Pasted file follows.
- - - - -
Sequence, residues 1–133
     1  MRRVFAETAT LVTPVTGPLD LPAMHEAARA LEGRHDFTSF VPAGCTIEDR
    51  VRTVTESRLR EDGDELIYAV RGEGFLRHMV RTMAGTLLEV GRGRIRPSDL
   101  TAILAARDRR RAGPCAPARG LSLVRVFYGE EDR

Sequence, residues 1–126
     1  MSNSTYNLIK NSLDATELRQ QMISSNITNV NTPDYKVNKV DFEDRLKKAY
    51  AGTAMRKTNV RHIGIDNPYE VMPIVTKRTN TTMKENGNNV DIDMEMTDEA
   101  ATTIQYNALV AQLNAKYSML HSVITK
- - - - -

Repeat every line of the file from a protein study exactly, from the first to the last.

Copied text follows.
Sequence, residues 1–133
     1  MRRVFAETAT LVTPVTGPLD LPAMHEAARA LEGRHDFTSF VPAGCTIEDR
    51  VRTVTESRLR EDGDELIYAV RGEGFLRHMV RTMAGTLLEV GRGRIRPSDL
   101  TAILAARDRR RAGPCAPARG LSLVRVFYGE EDR

Sequence, residues 1–126
     1  MSNSTYNLIK NSLDATELRQ QMISSNITNV NTPDYKVNKV DFEDRLKKAY
    51  AGTAMRKTNV RHIGIDNPYE VMPIVTKRTN TTMKENGNNV DIDMEMTDEA
   101  ATTIQYNALV AQLNAKYSML HSVITK